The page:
Krugman versus Sanders
from Peter Radford
Paul Krugman seems to be spending an awful lot of his time nowadays trying to discredit Bernie Sanders. The last two of his blog entries at the New York Times are devoted to explaining why Sander’s extravagant claims are wrong and potentially damaging to the Democratic cause.
I can understand why Krugman is so vexed. What I don’t understand is why he seems so unable to understand why so many people are embracing Sander’s message.
To me it is obvious: the so-called “wonkery” that Krugman loves both to indulge in and to explain to us lesser souls is precisely what has created the world in which we live. So if we are dissatisfied with that world we, to put it mildly, are being consistent if we want to toss overboard that jargon laden, leaden souled, wonkish stuff.
Now, I am equally sure that Krugman will retort that his version of the wonkery is not the cause of our woes. He would, I am sure, point to the right wing economics of that part of the mainstream currently exerting influence, and explain that it’s all the fault of those who advocate the mysticism of markets to be found in that part of the mainstream.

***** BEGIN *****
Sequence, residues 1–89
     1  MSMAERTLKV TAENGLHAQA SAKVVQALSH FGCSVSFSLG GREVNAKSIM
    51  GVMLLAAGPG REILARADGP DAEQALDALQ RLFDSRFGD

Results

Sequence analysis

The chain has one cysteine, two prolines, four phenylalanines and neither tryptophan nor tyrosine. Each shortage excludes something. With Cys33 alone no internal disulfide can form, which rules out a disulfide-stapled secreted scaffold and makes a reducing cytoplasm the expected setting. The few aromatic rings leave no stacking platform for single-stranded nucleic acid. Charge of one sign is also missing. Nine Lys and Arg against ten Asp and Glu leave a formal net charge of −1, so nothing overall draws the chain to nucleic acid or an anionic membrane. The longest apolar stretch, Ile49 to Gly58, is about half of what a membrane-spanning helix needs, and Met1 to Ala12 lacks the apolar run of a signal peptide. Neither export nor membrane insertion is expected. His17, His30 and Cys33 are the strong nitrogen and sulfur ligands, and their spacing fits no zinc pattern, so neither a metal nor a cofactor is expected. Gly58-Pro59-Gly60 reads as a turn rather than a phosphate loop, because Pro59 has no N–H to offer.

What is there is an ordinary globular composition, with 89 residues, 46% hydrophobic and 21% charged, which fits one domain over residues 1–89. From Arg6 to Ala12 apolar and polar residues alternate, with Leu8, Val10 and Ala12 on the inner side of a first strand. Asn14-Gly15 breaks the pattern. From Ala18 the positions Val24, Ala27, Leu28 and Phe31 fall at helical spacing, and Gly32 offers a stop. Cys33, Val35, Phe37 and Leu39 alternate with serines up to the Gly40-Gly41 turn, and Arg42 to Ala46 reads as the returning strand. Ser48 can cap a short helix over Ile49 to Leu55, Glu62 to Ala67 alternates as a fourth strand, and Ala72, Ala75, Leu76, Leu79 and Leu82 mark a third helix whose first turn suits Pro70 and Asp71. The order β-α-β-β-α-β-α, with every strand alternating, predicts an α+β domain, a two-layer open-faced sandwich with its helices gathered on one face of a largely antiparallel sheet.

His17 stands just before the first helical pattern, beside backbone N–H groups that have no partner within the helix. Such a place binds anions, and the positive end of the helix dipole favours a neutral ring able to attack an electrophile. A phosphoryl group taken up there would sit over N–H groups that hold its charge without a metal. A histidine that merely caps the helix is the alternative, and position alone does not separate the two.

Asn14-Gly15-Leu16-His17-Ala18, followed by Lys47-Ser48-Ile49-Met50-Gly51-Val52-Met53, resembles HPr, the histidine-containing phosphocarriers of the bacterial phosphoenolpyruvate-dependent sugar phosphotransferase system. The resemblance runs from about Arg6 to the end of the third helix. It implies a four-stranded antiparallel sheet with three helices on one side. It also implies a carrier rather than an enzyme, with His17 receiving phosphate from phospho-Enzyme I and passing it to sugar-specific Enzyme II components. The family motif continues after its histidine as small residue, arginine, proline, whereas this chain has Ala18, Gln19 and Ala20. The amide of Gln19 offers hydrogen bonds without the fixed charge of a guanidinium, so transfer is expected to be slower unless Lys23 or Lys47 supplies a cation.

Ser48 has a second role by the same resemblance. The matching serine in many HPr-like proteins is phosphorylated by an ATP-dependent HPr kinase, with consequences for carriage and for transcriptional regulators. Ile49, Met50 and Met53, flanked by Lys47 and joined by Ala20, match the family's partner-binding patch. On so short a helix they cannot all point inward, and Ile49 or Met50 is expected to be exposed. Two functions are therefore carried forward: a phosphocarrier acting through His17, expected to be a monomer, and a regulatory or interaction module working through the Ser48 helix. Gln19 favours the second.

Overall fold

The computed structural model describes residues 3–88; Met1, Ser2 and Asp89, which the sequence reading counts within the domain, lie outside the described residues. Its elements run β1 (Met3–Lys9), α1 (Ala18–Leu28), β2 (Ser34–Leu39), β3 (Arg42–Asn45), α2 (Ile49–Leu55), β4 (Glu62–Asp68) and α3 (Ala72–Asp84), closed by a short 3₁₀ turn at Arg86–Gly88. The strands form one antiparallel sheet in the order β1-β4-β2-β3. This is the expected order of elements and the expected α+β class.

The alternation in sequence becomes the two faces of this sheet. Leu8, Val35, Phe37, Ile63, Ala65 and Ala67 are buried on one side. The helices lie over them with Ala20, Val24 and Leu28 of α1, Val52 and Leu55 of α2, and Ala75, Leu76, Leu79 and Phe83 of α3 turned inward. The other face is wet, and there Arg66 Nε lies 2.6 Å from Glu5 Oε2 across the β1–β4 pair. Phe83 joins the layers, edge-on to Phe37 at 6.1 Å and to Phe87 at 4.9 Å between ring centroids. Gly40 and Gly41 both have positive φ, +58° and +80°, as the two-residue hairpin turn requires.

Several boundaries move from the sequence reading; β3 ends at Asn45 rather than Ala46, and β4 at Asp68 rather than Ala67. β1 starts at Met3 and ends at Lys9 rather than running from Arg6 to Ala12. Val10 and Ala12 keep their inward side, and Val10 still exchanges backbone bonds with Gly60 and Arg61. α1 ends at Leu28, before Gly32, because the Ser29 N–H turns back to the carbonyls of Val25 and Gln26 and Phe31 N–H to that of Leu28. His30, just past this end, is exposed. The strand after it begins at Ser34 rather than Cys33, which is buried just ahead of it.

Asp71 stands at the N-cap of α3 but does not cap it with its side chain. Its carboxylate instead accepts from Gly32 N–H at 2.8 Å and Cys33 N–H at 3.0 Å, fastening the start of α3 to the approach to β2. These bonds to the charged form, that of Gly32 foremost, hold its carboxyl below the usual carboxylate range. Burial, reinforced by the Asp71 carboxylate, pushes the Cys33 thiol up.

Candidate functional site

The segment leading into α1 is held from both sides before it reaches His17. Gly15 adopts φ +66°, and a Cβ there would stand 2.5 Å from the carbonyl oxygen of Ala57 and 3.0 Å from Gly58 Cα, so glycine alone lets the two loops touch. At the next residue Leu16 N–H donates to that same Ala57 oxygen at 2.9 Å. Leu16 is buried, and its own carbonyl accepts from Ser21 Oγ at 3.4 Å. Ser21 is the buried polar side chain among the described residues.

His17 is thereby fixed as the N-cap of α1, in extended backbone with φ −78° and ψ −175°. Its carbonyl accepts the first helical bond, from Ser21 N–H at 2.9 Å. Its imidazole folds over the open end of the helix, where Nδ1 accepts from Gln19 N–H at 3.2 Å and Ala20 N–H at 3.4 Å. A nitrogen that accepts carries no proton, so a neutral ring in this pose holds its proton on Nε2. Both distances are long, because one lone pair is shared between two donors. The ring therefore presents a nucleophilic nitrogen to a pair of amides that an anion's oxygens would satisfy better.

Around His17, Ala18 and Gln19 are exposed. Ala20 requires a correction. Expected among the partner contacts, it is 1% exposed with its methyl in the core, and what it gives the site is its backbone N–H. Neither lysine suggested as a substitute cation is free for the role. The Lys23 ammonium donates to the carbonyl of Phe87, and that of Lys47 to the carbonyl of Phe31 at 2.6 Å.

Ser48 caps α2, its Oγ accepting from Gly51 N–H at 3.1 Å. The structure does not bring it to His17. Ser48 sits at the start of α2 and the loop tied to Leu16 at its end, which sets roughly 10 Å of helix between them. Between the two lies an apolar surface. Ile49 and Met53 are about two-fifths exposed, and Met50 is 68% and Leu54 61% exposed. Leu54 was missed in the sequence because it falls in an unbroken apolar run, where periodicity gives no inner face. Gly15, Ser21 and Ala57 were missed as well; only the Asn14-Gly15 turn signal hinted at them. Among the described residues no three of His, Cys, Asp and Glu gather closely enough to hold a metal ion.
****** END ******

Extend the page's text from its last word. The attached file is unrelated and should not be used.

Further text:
Except, of course, that Krugman is hardly an outsider. He has taken great pains to explain to us all in the past few years that what he calls “textbook” economics is perfectly capable of both diagnosing and curing what ails the economy. It’s just that, according to him, right wing politicians apparently haven’t read the textbook. Krugman is thus more an apologist for a tweaked version of the mainstream than he is an advocate of a more radical revision of it.
In this regard he is hardly alone. Last week’s revelation that four recent so-called left of center economists, all of whom have lead the Council of Economic Advisors to the President [CEA], wrote an open letter to the Sanders campaign decrying the heresy of Sanders with respect to conventional economic thought added fuel to Krugman’s fire. See, he told us, it isn’t just me, these other people are serious economists and they agree with me.
Krugman is someone who has made quite a reputation debunking the wisdom of what he calls “serious people” who are those advocating policies he disagrees with, but who are seen as expert by the Washington establishment and its media critics. All through the Obama era Krugman has lambasted such serious people – think, for example, of Simpson and Bowles – for proffering advice based upon their accumulated wisdom, but which Krugman disagrees with. And, more often or not, Krugman has opposed that advice based upon what he calls “macro 101” or the “textbook”.